The ghost screamed.

And then Danita really got to work.

Doug and Rachel stopped at the bottom of the stairs. Three times they started towards Danita and the ghost, but each time they stepped back, frozen by the waves of violence, viscera, and vibrantly obscene language washing over the scene before them.

When it was over, Danita straightened her ponytail and caught her breath. She smiled sheepishly.

“Sorry about all that. I just get carried away sometimes.”

“Uh huh,” said Doug.

“I’m calling Jackson,” said Rachel. “We’re keeping her.”

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The Pillar Queen

Posted on August 16, 2017 By

Previously, I wrote about unique, individual “pillar characters” who appear in multiple stories across the storyworld and fulfill important structural roles within the world itself. Below is one such character from the Empire of Venom & Silk storyworld.

Alanna, Queen of Zira

Since the day she was born, Alanna was groomed to take the throne of the city-state of Zira. Her tutors filled her mind with history, science, and economics. The generals taught her military strategy. And her father, the king himself, taught her how to play the sometimes-cruel game of politics in Zira-Shun.

When the invaders attacked, Alanna’s father send Zira’s army into the field to try and hold them back. Alanna quickly realized that they had no chance. They would be wiped out, and Zira would fall as Ahbiz and Namzi had fallen before them. Alanna tried to convince the king to recall his troops and negotiate a truce with the spiders, but he refused to listen. So she killed him.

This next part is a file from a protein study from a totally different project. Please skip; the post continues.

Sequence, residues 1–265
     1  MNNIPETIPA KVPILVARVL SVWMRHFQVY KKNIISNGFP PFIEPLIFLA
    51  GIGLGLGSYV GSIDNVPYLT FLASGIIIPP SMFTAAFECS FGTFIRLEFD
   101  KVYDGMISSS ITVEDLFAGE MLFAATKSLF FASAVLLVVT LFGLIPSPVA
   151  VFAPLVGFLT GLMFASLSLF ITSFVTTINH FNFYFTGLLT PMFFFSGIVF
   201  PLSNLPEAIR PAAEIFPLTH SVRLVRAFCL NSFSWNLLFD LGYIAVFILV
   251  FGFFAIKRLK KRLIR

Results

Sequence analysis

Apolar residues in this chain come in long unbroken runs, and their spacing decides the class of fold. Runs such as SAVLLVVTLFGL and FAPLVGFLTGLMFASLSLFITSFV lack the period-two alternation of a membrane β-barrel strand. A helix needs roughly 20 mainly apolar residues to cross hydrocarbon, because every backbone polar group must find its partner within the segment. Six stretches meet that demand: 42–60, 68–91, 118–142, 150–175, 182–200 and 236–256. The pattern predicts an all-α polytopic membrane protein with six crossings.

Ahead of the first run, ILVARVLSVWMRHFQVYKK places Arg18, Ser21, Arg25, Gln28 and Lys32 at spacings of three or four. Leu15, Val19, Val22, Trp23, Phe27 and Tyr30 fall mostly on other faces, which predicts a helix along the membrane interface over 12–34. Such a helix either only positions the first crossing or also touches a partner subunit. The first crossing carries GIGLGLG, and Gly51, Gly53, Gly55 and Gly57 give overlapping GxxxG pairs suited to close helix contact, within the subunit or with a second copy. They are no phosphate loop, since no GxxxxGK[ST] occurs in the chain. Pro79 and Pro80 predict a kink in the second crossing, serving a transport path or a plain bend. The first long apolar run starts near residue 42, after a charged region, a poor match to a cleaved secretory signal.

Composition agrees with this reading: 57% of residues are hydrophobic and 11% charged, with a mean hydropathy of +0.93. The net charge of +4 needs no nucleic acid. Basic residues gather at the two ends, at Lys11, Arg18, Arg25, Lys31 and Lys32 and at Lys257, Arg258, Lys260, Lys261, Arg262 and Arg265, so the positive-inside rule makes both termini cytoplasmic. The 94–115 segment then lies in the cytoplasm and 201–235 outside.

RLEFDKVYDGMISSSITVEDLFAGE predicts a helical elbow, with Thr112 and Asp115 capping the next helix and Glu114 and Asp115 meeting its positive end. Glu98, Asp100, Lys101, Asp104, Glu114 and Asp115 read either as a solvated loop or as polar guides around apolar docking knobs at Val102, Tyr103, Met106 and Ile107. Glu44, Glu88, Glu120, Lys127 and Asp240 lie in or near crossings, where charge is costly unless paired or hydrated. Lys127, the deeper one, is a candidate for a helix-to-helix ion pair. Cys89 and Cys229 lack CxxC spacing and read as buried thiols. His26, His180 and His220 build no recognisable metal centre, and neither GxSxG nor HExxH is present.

Upon seizing the throne, Alanna parlayed a peace with the invaders. It was more efficient for them, she pointed out, to have the rulers of Zira-Shun provide them with the food and slaves they needed, rather than to hunt for such assets themselves. Alanna swore fealty to the spiders. As proof of her loyalty, she offered her younger brother to serve as host for a telepathic “rider” spider in order to be a conduit between her and her eight-legged masters.

Today, Queen Alanna never leaves the palace grounds. She meets with nobles and mediates between them and the spiders, but has no qualms about sacrificing any number of commoners to keep the spiders satisfied. She’s done the math. She knows what she much do to keep her city and its territories from ending up like Namzi-Shun.

Alanna is a detached and dispassionate queen. While she values her subjects, she values them as resources to be cultivated, hoarded, sacrificed, and spent for the good of the realm. She is thoughtful and logical. She never rushes to judgment, or allows herself to be swayed by passions–neither her own nor others’. While those around her may quietly question her methods, none can deny that they have kept Zira-Shun alive (and its rulers in power) while the other realms have collapsed into chaos and anarchy.

Role: Queen Alanna is the “face of the conflict” between the humans and spiders of Zira-Shun. She is literally the face of the corrupted aristocracy who have betrayed the rest of humanity in order to preserve their own lives.

Quote: “Our esteemed friends have informed me that they need another hundred bodies for a project in Ahbiz. After midnight, send the collectors into the lower levels of the city and bring me whoever you find sleeping in the gutters there. If there are not enough street-sleepers, visit the hovels. Drag them from their beds if necessary. Try not to kill anyone. We may need them next month.”


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Watching the Sausage Be Made

Posted on August 14, 2017 By